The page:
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Tuesday, 15 June 2010
Page: 3348


Senator STEPHENS (Parliamentary Secretary for Social Inclusion and Parliamentary Secretary for the Voluntary Sector) (7:42 PM) —A few weeks ago I had the honour of presenting certificates of service to volunteers at the National Museum of Australian Democracy at Old Parliament House. I spent a very enjoyable afternoon with about 40 volunteers, some of whom had been giving of their time and expertise to the thousands of visitors to Old Parliament House for more than 15 years.

The presentation was arranged by the coordinator of volunteers, and I was introduced to the group by the Chair of the Volunteers Committee, Peter Giesinger. Peter told the group that he used to write my speeches but that he had no idea what I was going to speak about that day. He had moved roles and was now working with Skills Australia as their Assistant Director of Communications. He was in fine form and good humour and we promised to catch up some time soon to follow up the ideas that he had about volunteering.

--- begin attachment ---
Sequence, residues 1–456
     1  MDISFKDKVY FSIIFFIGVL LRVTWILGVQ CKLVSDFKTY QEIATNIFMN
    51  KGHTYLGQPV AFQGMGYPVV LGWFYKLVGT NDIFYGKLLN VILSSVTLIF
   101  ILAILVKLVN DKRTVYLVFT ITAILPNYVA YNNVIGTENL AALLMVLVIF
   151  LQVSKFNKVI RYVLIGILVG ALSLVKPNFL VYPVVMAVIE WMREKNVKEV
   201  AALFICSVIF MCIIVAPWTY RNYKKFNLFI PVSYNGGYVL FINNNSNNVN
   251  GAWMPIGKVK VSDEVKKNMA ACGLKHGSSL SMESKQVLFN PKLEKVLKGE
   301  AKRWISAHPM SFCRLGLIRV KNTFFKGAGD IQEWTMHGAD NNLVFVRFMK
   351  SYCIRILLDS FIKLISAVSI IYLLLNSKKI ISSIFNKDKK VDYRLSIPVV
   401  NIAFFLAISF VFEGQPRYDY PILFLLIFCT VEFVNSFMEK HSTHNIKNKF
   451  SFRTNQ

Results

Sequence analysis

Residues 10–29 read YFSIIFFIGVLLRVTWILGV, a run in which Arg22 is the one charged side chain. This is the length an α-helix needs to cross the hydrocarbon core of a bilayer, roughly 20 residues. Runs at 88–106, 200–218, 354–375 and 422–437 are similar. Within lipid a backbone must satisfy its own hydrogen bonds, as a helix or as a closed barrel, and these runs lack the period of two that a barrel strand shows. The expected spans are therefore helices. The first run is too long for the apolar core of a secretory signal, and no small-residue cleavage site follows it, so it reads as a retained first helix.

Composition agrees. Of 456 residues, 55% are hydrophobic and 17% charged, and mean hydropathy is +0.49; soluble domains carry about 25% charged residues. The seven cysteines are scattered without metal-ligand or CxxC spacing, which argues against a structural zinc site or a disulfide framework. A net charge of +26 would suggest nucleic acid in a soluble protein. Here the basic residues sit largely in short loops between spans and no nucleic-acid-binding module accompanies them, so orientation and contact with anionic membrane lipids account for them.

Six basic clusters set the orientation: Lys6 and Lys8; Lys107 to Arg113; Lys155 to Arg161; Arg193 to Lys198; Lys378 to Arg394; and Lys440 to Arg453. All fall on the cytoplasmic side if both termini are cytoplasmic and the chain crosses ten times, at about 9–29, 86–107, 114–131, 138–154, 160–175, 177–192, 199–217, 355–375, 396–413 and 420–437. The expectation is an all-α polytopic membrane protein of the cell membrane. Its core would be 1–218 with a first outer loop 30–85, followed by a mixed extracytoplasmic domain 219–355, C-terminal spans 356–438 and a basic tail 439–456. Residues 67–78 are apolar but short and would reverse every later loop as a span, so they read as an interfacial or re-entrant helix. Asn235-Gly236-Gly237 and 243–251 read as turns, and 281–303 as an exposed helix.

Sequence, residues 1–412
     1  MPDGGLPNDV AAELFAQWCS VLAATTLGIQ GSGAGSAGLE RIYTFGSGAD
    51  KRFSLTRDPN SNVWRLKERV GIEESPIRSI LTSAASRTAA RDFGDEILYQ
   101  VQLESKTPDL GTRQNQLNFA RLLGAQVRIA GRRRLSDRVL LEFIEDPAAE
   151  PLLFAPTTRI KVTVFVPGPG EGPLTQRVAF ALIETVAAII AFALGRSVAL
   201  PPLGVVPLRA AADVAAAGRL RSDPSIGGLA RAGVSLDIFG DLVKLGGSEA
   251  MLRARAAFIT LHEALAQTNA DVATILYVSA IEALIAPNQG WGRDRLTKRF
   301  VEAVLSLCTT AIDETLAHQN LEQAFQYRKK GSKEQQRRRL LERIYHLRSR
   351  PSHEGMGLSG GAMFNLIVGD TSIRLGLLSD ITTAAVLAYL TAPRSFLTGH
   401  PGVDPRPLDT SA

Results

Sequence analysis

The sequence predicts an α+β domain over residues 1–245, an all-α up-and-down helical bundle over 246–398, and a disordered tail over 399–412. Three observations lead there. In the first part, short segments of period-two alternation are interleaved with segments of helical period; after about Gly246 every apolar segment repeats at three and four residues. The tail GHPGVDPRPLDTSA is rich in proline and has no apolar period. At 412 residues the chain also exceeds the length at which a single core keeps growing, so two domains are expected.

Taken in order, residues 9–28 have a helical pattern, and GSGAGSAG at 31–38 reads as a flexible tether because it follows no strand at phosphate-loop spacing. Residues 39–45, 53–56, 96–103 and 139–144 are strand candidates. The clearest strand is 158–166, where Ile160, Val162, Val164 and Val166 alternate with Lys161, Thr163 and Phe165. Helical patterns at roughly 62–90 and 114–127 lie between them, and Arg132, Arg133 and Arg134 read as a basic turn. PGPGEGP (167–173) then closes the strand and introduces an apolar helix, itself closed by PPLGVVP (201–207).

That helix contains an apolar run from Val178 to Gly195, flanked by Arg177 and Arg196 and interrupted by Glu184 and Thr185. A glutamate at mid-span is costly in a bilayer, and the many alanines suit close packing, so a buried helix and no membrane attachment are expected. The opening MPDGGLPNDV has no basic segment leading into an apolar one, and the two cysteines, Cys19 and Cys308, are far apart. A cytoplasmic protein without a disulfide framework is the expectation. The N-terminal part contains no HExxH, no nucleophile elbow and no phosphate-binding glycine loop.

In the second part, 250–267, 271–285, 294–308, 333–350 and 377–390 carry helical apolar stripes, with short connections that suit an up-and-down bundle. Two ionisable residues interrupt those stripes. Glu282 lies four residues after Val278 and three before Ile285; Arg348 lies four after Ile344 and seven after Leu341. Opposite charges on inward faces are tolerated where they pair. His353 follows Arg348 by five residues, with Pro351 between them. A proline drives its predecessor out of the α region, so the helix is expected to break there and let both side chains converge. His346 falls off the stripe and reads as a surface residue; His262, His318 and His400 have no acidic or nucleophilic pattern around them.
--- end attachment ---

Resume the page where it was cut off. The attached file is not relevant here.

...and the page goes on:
It was a tremendous shock to hear of his death just a week later, on 27 May. Though I knew very little about Peter, I made it my business to find out some more. I discovered that, before moving to Canberra, he had worked for a short time with the NSW Department of Community Services, having returned from the UK where he had worked in public relations for the South Bedfordshire District Council. All his professional life was bound up in his interest in strategic communications, marketing and media. He was very professional and brought a great love and knowledge of the English language to his work. He was a respected and valued colleague in his workplace as well as in his previous role as speechwriter in the Communications Group in the Department of Education, Employment and Workplace Relations. Peter had a great sense of fun and threw himself into everything he did. The development of the Museum of Australian Democracy was something he invested a lot of time in—supporting the volunteers there, who he regarded as good friends.

To Peter’s mother, Maria Sattler, and his brothers, Friedrich and Waltraud, and their families, Peter was a good man, and I offer my sincere condolences. Peter’s friends and work colleagues in Skills Australia and in the department have lost a good friend too. And, to the volunteers and staff at the Museum of Australian Democracy, let’s toast a good man lost, with a glass of red and a hearty cheer. Rest in peace, Peter.